The Department of Education, (DES), have decided to pilot an online database for primary schools called POD. Apart from having a nice name, the news of its arrival has been met with rumbles of dissatisfaction from primary school principals who believe it will add even more to their workload than the time it promises to save them. The DES are running a pilot of the programme so I thought I’d give it a go and report on it.
Before I begin, for the record, the DES have given me permission to give my opinion on POD but I won’t be publishing any of the documentation that I have received. I also, for obvious reasons, won’t be identifying any of my staff or pupils in the articles.
Before the spring break, I received a letter to say the pilot would be starting on the 28th April and sure enough at 4pm, I received an email with a manual to get me started on the pilot.
POD is going to work through the Department’s Esinet portal, which is the same place schools alert the DES of staff absences, etc. It looks like the first job for all schools will be to input the details of all their students. There are 3 options for this.
Schools can manually enter individualised pupil data directly into the Primary Online Database.
- Schools can choose to enter the pupil’s details into an excel template, which the DES will then deal with
- Schools can contact their admin software provider for some synchronisation
Option 1 isn’t really an option if you’ve more than 20 children in your school. With the amount of information the DES are looking for, it could take 10-15 minutes to upload a child’s full details. Option 2 sounds ok except that you have to know how to encrypt your Excel file for data protection reasons and I don’t know too many people who know how to do that. It looks like option 3 is the only real option. My school uses Aladdin and they told me that their synchronisation is becoming available later this week.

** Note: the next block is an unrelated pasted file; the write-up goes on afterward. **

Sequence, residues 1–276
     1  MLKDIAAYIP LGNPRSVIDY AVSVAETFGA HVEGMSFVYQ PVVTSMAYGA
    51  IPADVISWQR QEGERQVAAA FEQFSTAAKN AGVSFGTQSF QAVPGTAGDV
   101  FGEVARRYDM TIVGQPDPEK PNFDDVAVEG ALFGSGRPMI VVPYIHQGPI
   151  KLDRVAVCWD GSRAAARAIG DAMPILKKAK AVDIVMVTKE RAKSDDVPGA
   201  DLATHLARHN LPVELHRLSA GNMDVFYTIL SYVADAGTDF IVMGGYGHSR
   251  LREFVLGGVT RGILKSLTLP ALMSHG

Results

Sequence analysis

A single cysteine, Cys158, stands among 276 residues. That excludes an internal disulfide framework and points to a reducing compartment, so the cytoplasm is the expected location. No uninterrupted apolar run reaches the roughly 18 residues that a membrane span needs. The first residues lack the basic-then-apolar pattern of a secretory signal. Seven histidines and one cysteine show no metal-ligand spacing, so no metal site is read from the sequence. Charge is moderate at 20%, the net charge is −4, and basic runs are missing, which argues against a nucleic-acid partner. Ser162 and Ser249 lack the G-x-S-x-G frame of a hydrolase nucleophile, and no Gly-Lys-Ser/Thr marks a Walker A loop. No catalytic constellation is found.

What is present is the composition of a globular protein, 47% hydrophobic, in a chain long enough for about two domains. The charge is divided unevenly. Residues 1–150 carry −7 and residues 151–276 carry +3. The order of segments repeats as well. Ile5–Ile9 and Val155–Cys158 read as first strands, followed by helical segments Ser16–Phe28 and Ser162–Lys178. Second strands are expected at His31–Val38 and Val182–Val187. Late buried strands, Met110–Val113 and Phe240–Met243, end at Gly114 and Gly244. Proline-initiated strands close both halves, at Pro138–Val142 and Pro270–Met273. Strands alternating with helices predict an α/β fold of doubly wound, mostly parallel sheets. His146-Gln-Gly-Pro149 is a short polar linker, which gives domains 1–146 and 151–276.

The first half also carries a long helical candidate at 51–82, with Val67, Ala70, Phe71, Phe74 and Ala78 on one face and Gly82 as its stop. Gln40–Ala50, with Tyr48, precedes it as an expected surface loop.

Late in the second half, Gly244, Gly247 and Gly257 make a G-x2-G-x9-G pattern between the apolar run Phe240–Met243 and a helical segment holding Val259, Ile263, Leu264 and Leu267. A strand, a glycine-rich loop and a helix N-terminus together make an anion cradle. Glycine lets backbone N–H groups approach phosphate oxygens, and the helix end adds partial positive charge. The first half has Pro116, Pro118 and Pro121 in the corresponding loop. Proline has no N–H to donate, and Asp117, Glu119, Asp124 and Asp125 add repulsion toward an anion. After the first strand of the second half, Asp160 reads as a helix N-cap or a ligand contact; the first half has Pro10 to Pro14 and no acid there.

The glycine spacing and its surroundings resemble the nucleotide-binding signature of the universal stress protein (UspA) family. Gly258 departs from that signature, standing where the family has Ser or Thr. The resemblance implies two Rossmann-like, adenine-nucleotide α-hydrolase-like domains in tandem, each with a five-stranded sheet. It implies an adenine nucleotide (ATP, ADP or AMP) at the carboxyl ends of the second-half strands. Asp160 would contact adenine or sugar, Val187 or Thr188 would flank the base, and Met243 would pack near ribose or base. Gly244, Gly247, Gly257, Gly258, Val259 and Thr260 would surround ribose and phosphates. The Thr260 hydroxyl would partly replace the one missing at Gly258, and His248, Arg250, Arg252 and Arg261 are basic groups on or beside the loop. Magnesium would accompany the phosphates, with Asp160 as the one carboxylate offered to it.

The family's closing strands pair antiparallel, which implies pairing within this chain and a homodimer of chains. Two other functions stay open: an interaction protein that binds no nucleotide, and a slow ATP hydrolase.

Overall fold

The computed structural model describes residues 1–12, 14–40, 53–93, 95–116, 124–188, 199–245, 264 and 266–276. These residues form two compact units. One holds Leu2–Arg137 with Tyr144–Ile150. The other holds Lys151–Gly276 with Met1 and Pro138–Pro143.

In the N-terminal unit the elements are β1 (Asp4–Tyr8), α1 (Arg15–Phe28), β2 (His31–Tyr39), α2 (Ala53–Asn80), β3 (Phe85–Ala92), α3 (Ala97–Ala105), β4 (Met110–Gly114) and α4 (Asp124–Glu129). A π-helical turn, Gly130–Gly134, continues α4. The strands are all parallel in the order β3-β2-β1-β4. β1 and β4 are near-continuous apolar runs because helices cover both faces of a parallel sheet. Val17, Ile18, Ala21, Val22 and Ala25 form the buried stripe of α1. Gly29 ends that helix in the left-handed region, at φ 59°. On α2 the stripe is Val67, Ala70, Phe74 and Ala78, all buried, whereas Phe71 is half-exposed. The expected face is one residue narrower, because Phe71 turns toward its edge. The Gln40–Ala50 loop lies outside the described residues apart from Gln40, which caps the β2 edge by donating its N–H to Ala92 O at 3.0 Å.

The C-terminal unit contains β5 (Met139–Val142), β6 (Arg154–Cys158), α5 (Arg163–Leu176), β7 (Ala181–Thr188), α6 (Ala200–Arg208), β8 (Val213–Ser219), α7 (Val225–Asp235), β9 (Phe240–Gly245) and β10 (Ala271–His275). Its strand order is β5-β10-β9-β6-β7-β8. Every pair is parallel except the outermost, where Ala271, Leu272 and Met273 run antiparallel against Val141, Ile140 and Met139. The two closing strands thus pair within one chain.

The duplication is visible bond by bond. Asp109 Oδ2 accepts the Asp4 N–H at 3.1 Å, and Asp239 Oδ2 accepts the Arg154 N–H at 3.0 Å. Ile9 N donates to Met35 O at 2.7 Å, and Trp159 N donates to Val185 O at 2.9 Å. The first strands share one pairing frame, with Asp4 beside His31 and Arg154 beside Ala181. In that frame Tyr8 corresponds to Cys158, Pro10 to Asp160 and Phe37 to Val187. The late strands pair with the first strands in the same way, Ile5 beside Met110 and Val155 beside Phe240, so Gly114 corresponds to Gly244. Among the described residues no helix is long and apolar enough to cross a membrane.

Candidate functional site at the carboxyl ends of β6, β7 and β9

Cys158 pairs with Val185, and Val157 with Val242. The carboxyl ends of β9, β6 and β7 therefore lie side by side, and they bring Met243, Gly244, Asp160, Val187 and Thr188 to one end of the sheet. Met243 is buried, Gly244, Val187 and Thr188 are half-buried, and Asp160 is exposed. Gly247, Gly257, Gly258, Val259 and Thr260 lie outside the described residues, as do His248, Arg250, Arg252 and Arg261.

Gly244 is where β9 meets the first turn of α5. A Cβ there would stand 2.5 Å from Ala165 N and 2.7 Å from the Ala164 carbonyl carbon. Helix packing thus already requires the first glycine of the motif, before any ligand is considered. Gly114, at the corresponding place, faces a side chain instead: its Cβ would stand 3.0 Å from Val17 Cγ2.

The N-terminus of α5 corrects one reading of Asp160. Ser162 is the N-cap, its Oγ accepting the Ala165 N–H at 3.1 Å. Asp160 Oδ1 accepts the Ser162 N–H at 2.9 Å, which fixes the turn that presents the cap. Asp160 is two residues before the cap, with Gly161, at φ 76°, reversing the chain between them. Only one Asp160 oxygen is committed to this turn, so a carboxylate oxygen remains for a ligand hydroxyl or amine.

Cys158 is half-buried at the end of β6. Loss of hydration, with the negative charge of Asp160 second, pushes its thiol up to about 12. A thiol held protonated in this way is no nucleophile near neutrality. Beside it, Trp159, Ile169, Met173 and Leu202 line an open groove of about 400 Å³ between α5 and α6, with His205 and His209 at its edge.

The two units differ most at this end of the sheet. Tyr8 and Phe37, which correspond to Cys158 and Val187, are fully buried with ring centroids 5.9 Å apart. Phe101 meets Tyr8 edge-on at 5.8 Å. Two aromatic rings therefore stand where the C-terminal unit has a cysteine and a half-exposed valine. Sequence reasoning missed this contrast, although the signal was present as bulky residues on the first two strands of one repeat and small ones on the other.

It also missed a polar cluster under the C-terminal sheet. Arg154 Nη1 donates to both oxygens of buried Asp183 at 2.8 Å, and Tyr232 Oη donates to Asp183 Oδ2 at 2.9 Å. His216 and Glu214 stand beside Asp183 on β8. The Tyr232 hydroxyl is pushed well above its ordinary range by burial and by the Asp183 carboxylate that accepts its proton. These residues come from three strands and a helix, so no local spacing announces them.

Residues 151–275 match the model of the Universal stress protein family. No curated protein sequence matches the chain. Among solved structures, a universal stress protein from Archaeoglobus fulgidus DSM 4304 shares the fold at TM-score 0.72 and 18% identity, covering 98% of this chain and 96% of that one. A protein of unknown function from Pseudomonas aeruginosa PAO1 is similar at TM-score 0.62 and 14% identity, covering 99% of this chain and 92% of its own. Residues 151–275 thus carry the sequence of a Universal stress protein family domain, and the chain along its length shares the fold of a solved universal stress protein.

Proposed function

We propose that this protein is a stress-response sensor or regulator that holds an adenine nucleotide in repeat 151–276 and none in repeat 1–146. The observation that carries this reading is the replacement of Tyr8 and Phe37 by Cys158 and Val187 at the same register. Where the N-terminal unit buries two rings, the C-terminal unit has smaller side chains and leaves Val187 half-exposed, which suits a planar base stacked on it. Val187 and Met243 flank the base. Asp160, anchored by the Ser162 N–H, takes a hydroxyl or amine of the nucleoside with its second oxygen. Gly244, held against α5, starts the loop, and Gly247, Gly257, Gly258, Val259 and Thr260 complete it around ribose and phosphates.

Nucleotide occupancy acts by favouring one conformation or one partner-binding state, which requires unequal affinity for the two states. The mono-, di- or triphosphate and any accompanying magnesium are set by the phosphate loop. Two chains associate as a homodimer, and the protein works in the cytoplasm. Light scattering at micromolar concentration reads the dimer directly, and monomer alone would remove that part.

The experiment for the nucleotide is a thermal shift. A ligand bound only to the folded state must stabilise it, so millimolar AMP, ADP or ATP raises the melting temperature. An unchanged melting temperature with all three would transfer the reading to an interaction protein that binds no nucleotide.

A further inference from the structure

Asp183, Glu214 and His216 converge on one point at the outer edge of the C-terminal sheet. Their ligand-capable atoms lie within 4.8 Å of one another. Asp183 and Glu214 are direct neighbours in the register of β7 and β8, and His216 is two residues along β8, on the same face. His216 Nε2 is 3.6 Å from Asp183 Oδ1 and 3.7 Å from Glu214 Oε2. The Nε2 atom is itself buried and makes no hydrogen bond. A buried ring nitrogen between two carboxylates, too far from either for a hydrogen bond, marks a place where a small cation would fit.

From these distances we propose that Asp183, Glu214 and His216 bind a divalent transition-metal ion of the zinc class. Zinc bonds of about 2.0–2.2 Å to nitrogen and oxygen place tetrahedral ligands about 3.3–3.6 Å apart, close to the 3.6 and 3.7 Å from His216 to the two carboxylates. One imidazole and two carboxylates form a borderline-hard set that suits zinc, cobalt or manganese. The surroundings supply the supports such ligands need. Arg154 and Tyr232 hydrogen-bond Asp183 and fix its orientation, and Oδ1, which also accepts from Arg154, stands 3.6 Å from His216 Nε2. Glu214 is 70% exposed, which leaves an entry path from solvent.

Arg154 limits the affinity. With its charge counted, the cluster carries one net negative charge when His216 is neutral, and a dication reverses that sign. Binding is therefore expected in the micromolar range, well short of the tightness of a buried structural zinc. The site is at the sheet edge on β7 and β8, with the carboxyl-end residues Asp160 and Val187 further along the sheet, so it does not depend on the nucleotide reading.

The information that the DES is looking for is the following:
- Name, surname
- Date of birth
- Birth Cert Name
- Mother Tongue
- Ethnic or Cultural Background
- Irish Exemption
- Mother’s Maiden Name
- Mainstream or Special Class
Some of the above have caused a stir amongst principals who do not ask for a child’s religion or their ethnicity. Some people are wondering why this sort of information is required at all. One assumes it is for statistics rather than ethnic profiling! I’m a bit suspicious of the nationality question as if a child has dual nationality, i.e. Ireland and another country, you are required to put in Ireland. To my eyes, that equates to “goodbye EAL” Interestingly, the mother tongue question relates only to Irish and English. To be honest, I have no idea whether any of my pupils speak Irish at home. If I were a Gaelscoil, I’d say this question alone could be difficult.
Once all this stuff is entered and the will to live hasn’t been sapped out of you, you are then able to assign classes to these pupils and search them under different criteria.
I’ll be giving all this a go as soon as I can and I’m looking forward to working with Aladdin in the coming days with the synchronisation. My first impressions of this system are that it looks incredibly clunky but I will reserve judgement until I have a proper play with it. If any other schools are piloting POD, perhaps they might add some comments too.
Last Update: August 22, 2017